Holy Shit, Football Is A Game Where Every Team Plays the Percentages

rollingdiceI haven’t written this article yet because my brain has been chewing its cud here for some time. It’s not hyperbole to say this is the single most important concept guiding my analytics research and the way I think about the game. It is addressed with the briefest of kisses in the Giroud article, but it’s a topic you can write a book on and someone, at some point, almost assuredly will.

As the title indicates, everything in football comes down to actions, and how successful you are at completing those actions. In short, percentages. We never think about it this way, but just by playing football, you are inevitably throwing yourself into the hands of the probability gods, and the only way to push them to guarantee your favour is to create better percentages.

Confused? Don’t be… there are examples bloody everywhere.

The average team completes something like 400 passes a game. Barcelona at their peak have averaged over 700. A misplaced pass ends a possession, so you can only chain passes together by completing them. Simples.

A 5% passing difference across your squad results in 20 extra possessions for the opposition in an average team. For Barcelona, it would instead result in 35 extra opposition possessions (though at a certain point, they won’t have the ball enough to complete all of those passes, so the possession and passing numbers go down). I don’t have the numbers for what percentage of possessions result in a shot at hand, but the chain of consequence is fairly easy to see. Missed pass, lost possession, opposing shot, opposing goal. Trickle, trickle, trickle.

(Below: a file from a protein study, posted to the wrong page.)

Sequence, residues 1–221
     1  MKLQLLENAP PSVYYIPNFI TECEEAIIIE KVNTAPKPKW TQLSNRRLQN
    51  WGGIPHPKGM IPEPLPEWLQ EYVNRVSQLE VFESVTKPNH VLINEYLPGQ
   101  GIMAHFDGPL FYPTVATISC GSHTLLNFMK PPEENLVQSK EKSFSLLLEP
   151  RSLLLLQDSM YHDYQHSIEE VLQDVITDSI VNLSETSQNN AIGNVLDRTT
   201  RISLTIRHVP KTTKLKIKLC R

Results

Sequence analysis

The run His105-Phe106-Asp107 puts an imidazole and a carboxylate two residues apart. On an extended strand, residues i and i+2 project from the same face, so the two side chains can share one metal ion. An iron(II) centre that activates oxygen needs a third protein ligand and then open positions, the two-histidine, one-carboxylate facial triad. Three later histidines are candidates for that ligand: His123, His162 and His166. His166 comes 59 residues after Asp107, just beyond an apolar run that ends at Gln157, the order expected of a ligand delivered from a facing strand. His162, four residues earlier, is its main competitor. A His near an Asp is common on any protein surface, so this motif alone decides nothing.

If the other team doesn’t have possession, they can’t score, but the only way you can keep possession is to keep completing passes. On the other hand, the only way you can score, is to complete forward passes, preferably in the final third. If you don’t complete passes in the final third, bad things will happen, even to great teams. This image from the Champions League semifinal will likely remain one of the most incredible and indelible pictures in modern football.


In the match in Munich, where Barcelona had 66% of the possession against the best team in Europe, Munich completed 81% of their passes. They also somehow erected a brick wall stretching across the entire 18-yard box that Barcelona simply could not break through. This enabled Munich to take 15! shots against Barcelona and  7 of them on target. Barcelona only managed 4 shots total. Final score: 4-0.

Let’s push out a bit and look at important percentages across a season. Liverpool shot the ball nearly 20 times a match last season. However, they were 6.4% worse at shooting the ball on target than Manchester United. Multiply Liverpool’s shots per game times United’s shot percentage and they likely would have ended up with 85 goals scored and 43 conceded. That’s a goal difference of 42, or one less than United posted in winning the title. Liverpool almost assuredly would have qualified for the Champions’ League.